19. Rom

  20. Harvey

  21. Lamar Sparks, OF, Bats: R, DOB: 9/26/98, ETA 2022

    2018 Stats: Did Not Play

    After a strong Gulf Coast League showing in 2017, Sparks ended up missing the entire 2018 season due to a shoulder injury. Sparks is an above-average defender with good range in the outfield thanks to his plus or better speed. At the plate he’s still quite raw, but displayed an advanced approach during the GCL. The swing is clean (although his legs look like Elvis Presley on stage), albeit, with a deeper hand coil that causes some additional length, but Sparks does have some solid bat speed once his swing starts moving forward. There’s not much power to project here, but with his swing, I can see him sneaking into double-digits for home runs.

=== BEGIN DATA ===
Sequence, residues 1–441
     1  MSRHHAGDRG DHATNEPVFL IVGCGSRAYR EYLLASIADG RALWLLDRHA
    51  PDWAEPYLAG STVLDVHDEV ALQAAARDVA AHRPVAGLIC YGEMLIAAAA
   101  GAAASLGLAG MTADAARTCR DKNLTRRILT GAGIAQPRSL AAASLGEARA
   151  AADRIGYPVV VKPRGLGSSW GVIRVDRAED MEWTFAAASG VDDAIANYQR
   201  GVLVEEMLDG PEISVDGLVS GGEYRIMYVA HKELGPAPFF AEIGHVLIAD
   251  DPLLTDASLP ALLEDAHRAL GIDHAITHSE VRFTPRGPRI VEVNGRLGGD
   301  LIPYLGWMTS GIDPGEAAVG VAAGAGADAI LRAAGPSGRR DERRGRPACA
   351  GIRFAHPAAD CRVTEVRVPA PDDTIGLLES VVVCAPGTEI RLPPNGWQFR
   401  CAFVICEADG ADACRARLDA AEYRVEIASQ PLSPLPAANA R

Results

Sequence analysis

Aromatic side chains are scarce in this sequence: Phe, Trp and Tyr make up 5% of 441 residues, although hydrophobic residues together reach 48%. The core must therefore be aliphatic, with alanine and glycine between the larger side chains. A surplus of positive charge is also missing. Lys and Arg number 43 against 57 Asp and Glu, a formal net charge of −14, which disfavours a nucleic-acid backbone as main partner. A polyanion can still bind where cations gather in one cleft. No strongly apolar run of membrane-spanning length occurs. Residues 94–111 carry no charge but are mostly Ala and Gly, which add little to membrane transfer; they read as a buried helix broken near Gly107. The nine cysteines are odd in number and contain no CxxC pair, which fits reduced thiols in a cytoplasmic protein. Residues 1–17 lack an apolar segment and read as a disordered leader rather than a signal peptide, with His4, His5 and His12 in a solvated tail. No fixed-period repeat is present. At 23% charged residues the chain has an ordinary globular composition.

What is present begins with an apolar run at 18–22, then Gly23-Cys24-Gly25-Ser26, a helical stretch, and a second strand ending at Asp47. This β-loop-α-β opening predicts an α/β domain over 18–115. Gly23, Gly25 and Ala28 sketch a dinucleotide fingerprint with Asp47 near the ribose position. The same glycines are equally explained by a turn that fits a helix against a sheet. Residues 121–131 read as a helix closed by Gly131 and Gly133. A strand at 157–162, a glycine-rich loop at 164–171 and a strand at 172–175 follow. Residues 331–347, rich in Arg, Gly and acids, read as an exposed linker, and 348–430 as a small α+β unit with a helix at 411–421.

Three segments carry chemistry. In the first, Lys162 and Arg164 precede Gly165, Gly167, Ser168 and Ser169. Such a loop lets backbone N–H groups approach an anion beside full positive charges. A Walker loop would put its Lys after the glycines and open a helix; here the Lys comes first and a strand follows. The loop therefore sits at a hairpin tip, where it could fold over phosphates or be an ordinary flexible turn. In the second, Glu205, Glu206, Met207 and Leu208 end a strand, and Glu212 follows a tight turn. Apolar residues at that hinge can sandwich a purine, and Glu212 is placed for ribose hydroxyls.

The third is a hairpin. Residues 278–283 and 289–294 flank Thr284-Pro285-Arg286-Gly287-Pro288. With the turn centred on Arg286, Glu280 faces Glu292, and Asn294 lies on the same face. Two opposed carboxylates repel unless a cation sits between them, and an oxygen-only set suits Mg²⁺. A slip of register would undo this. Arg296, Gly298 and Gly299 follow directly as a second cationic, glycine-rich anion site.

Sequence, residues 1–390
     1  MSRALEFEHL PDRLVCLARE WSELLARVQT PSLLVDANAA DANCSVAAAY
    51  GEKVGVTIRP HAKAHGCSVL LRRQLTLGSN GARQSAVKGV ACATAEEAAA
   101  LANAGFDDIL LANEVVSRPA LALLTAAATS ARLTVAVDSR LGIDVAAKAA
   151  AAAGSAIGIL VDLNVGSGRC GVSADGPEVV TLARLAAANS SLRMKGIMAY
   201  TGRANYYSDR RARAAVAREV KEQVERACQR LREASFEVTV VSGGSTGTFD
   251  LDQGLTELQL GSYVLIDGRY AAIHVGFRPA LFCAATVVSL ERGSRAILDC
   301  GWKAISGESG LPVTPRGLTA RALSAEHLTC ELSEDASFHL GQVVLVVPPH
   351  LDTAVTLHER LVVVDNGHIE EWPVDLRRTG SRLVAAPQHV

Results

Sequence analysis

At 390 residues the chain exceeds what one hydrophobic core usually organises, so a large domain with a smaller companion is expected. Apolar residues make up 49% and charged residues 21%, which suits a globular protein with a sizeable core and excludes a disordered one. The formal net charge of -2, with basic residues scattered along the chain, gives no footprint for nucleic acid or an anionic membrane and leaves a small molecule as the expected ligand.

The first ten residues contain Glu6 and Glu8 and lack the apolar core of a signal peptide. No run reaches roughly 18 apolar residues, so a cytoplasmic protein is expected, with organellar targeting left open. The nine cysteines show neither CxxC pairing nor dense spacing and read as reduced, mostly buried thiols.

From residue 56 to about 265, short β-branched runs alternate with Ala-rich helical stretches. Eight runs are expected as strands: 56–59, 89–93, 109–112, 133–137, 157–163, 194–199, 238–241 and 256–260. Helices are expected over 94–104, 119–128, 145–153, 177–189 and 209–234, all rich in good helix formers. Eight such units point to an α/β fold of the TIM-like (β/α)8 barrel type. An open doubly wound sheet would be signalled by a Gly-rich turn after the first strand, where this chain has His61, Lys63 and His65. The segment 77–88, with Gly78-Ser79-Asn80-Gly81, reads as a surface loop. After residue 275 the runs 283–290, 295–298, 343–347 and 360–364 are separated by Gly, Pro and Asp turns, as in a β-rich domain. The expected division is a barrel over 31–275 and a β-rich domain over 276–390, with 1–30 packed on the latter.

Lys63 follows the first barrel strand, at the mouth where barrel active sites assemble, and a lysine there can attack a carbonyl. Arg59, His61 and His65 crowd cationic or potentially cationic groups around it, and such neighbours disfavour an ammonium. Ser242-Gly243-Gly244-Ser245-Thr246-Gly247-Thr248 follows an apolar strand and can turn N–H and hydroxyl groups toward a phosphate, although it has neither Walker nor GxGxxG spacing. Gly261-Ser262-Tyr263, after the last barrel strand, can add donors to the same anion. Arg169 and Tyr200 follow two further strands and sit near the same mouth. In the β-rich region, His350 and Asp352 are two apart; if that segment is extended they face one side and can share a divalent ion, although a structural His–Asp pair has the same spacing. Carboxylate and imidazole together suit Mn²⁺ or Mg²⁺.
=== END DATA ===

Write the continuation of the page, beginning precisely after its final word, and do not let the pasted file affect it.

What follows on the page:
22. Grenier

  23. Jarrett

  24. Craport

  25. Drew Jackson, 2B/SS, Bats: R, DOB: 7/28/93, ETA 2019

    2018 Stats (AA): .251/.356/.447/.803, 20 2B, 15 HR, 22 SB, 11.0 BB%, 22.7 K%, 342 AB

    This last spot can often be a toss up. I could’ve very easily put one of the names I listed below in this spot, but Jackson’s above-average defense, plus-plus speed, and cannon for a throwing arm gave him the nod here. While it remains to be seen if he can make enough contact to be a regular, the speed and double-digit pop would make him a sneaky fantasy target if he does end up playing every day.

    Keep an Eye On

    There are several other arms to monitor in this system that all have the upside of a #4 or #5 starter. Keep an eye on Brenan Hanifee (RHP), Alex Wells (LHP), Cody Carroll (RHP), Cameron Bishop(LHP), Cody Sedlock (RHP), and Michael Baumann (RHP).